Sunday, March 30, 2014

First Things First

Trinity and St. John Lutheran Churches, Sidney and Fairview, Montana
Laetare – The Fourth Sunday in Lent – March 30th, Year of Our + Lord 2014
First Things First – Acts 2:41-47
(To provide context for those unaware, Trinity and St. John were meeting this afternoon to consider a proposal to call a local retired LCMS pastor to serve as a part-time assistant pastor for outreach)  

     What’s more important, this service, or the meeting we will be holding after the service?    Some of you may be thinking, “Well, the service is routine, something that happens week after week, but the joint meeting is an unusual event, about an important decision.”  Doesn’t that make the meeting more important?  Of course, for Kinlee Jo and her family, today is the day for a once in a lifetime Gospel blessing direct from God, so I’m guessing they’ll side with the service.  Even without considering Kinlee Jo’s baptism, others may think, “We have the Lord’s Supper and the proclamation of the Word of God here today, so this service is more important than the meeting.” 

     Some of you may be thinking, “He left out the third choice, the pot luck!” 

     What’s more important, this service, or reaching out with the Word of God to people who are not connected to Christ?  You might think, “At the service we know what’s going to happen.”  God has promised to deliver forgiveness to us, to feed us with His Body and Blood, to bless us with His love, when we gather in His Name.  These things are sure and certain.  Our efforts to reach out with Gospel, on the other hand, may be received with joy, or apathy, or even anger.  Evangelism sometimes results in new members.  Sometimes outreach is ignored.  And sometimes reaching out can result in the persecution of the messenger.  Reaching out is very uncertain, without guarantees, except that it can be hard.  So, you might think the more certain thing, the service, is more important. 

     “Yes, but,” others may be thinking, “we who gather already have faith in Christ.”  Jesus died for the sins of the whole world, but salvation is only by faith in Him.  So carrying the Word of the Cross to unbelievers is the most important thing there is, isn’t it?  You might be thinking the more important thing is always getting the Word out to others who do not believe, praying that God will create faith in them, too. 

     Which is more important, the Sunday service, or doing outreach?  Which is more important on this day, this service, or the meeting about an outreach proposal that follows? 

     You’re not sure?  That’s o.k.  These are all essentially trick questions.  From the perspective of God’s work, it’s pretty much impossible for us to know exactly what God is doing when, pretty hard for us to determine what thing is more or less important.  On the one hand, Jesus was a regular at the Temple and the Synagogue.  Our Lord went to Church, a lot.  And yet, all through each of His weeks, everywhere He went, He was speaking words of life.  What was more important, the conversation He had with the Samaritan woman at the well, out in the middle of nowhere, when He brought her to faith, and used her to convert a whole village, or the dramatic preaching and teaching He did daily in the Temple courts during the days leading to His Crucifixion?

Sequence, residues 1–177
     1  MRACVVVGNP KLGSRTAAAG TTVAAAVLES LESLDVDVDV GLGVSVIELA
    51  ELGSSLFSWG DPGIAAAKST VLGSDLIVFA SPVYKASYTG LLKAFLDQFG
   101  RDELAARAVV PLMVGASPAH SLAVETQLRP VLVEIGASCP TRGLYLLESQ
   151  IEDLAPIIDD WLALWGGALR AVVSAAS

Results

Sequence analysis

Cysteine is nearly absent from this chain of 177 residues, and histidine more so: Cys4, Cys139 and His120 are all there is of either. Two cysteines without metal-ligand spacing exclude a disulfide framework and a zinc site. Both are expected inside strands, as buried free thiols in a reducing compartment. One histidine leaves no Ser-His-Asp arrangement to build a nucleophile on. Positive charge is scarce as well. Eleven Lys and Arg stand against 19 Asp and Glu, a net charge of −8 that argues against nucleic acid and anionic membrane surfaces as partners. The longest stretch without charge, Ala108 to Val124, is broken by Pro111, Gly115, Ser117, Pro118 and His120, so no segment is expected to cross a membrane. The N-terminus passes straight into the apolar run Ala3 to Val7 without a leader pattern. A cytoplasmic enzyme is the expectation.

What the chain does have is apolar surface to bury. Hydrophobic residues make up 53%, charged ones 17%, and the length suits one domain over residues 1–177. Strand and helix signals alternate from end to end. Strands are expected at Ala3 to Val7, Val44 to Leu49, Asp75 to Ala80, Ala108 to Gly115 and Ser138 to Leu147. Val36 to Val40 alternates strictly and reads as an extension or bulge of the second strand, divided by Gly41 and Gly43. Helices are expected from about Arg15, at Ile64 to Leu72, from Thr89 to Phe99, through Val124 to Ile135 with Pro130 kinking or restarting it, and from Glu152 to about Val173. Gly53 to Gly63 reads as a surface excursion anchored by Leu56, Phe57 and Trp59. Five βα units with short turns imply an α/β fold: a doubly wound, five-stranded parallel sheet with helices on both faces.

We can’t really say, can we?  We are not capable of judging the importance of the various things God is doing.  If God is doing something, how could it be less than totally important?  God is the One who does the eternally important things.  Conversion, our own or anyone else’s, doesn’t depend on us, but on the Holy Spirit.  Thanks be to God for that!
     From our perspective, it is not a question of importance, but rather of priority, what should come first, then second, and so on.  When and where He wills, the Holy Spirit works through the Word, spoken through the mouths of God’s people.  He acts, through the Word spoken between sinners gathered together in Church.  He also acts through the Word spoken by His people out there, all by themselves in the world.  The question for us isn’t “What’s more important,” but rather, “What comes first?”  What are the relationships between the various moments of our life in Christ?   What flows from what?  What should we do first, so that everything else follows naturally?  What are to be our priorities? 

     God does His great works of salvation in grand churches, and children’s bedrooms, at tables in coffee shops, and over long distance phone conversations.  We do not have to wonder which work of God is more or less important.  He will take care of that.  But it is important for us to know our priorities, to try to keep first things first for ourselves, because we know how easily we can wander off the path.  And today’s reading from Acts chapter two is a huge help in figuring out what comes first in the Church: the Apostles’ Teaching, the Fellowship, the Breaking of Bread, and the Prayers.